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While working on my project I supplied 12v to my pro mini through raw input and then a s4 named component smoked and my pro mini stopped working . It didn't turn on either through vcc or raw. The voltage regulator seems completely fine. Can I repair my pro mini. Please help. enter image description here

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  • S4 is most likely a Schottky diode. You could try replacing it (in the correct orientation) and hope nothing else is damaged. Don’t run it at 12V in the future I guess. The fact that it doesn’t start up with just Vcc is not a good sign but you might have to remove S4 from the board first. Do you have a data sheet or schematic of your particular Pro Mini clone? Is it a 3.3V or 5V version? – StarCat Apr 20 at 6:24
  • Sorry but i can only tell you that it's a 5 v version. – Garvit Goyal Apr 21 at 2:15
  • How do you konw if the voltage regulator is completely fine? Is that purely based on visual inspection or have you tested it? Since the failure, is it regulating the voltage to 5V (measured with a multi-meter)? – sa_leinad Apr 29 at 2:21
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Many Arduinos have a Schottky diode between the power connector and the voltage regulator as a protection against accidental reverse polarity connection. The official Pro Mini, or the Sparkfun variant, does not.

So you can either de-solder the diode or break it off the board using diagonal cutters and then replace it with either a similar diode -- or with a solder-bridge if you are confident about never connecting power the wrong way around.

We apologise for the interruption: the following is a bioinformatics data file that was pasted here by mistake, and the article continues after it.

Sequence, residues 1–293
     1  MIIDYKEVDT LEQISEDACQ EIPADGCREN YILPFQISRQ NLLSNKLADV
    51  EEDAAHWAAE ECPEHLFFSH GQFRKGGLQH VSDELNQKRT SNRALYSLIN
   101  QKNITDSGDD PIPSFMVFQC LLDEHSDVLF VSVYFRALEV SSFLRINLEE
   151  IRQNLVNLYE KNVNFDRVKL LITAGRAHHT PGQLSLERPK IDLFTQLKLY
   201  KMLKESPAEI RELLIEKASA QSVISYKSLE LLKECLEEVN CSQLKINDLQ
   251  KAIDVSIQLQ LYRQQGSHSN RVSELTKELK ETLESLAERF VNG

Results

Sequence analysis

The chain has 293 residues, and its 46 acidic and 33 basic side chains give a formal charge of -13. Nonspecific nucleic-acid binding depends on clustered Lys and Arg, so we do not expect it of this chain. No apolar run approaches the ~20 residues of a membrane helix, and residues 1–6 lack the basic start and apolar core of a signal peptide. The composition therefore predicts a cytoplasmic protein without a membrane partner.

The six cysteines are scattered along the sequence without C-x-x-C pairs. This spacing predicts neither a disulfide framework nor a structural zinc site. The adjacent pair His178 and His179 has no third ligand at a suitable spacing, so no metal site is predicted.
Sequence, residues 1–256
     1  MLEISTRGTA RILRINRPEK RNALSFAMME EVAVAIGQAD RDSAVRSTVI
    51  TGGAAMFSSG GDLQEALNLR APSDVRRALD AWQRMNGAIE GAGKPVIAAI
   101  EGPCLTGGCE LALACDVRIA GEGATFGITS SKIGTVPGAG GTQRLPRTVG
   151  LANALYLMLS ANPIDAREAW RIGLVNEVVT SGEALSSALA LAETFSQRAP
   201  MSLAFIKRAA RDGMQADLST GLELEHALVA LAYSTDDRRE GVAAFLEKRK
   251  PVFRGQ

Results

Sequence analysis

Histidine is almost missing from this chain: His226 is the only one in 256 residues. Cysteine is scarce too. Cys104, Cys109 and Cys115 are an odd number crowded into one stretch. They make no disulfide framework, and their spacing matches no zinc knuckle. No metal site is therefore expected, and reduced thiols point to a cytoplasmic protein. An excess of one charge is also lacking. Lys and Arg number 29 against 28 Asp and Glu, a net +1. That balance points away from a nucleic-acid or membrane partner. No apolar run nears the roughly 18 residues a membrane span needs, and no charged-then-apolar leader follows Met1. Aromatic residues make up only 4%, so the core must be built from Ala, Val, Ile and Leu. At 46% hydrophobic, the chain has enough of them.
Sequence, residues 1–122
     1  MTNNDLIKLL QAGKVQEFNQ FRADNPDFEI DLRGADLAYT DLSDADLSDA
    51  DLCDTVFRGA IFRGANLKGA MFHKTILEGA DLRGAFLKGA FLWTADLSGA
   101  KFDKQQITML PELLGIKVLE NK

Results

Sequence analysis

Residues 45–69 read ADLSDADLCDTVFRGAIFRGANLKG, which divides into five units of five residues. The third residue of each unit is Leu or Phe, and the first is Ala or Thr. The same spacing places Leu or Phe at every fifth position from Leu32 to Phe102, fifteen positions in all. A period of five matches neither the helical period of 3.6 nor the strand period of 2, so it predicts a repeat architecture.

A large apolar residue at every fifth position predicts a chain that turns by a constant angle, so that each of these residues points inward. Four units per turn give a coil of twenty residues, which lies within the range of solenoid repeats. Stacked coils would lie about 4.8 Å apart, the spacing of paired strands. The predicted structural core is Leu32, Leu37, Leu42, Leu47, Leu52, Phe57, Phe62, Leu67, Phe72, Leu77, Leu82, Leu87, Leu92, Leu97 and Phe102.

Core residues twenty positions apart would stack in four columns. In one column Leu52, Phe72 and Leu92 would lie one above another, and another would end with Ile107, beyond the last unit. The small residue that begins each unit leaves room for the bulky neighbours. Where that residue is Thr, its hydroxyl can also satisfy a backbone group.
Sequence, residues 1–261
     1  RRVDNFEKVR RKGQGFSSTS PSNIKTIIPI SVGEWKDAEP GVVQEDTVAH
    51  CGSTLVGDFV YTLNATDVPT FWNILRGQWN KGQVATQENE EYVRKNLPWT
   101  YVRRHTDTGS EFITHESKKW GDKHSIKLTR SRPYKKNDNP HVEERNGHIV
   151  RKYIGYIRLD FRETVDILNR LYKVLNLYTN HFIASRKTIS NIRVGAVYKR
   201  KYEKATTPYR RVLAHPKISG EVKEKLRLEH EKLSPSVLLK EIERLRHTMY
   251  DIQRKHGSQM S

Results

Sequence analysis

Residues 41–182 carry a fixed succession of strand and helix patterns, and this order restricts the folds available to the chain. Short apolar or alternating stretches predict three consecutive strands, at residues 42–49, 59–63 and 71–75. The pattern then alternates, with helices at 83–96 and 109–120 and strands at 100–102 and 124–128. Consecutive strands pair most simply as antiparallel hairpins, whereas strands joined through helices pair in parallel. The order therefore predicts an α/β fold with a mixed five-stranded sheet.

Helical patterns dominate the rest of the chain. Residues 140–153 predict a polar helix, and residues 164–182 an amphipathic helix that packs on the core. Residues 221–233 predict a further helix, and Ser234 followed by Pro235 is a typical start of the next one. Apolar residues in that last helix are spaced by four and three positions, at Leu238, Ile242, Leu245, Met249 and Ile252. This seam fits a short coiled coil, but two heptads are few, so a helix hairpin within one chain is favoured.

It's possible (likely even) that other components that look OK visually are actually damaged. Especially if you can't power the board by connecting a regulated 5V supply to the VCC pin.

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Once you have removed the diode as described in @RedGrittyBrick's answer, you will need to replace it with another. Note you don't have to replace it with a SMD version if you can't get your hands on one. Most electronics shops sell a 1N4004 or 1N4007 diode which would be a suitable replacement.

If worst comes to worst, you could solder a blob of solder across the diode's pads - which would mean you lose the reverse polarit protection - but it would provide a path for your voltage input to go into the regulator.

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  • The defective component is a Schottky diode. 4001 or 4007 are not Schottky diodes and have much higher Vf. A better replacement would be 1N5817 or an SMD equivalent. – StarCat Apr 29 at 9:23
  • It doesn't matter in this instance as it is just for reverse polarity. A normal diode is fine, a Schottky diode would be better if you can get one. – sa_leinad Apr 29 at 14:35

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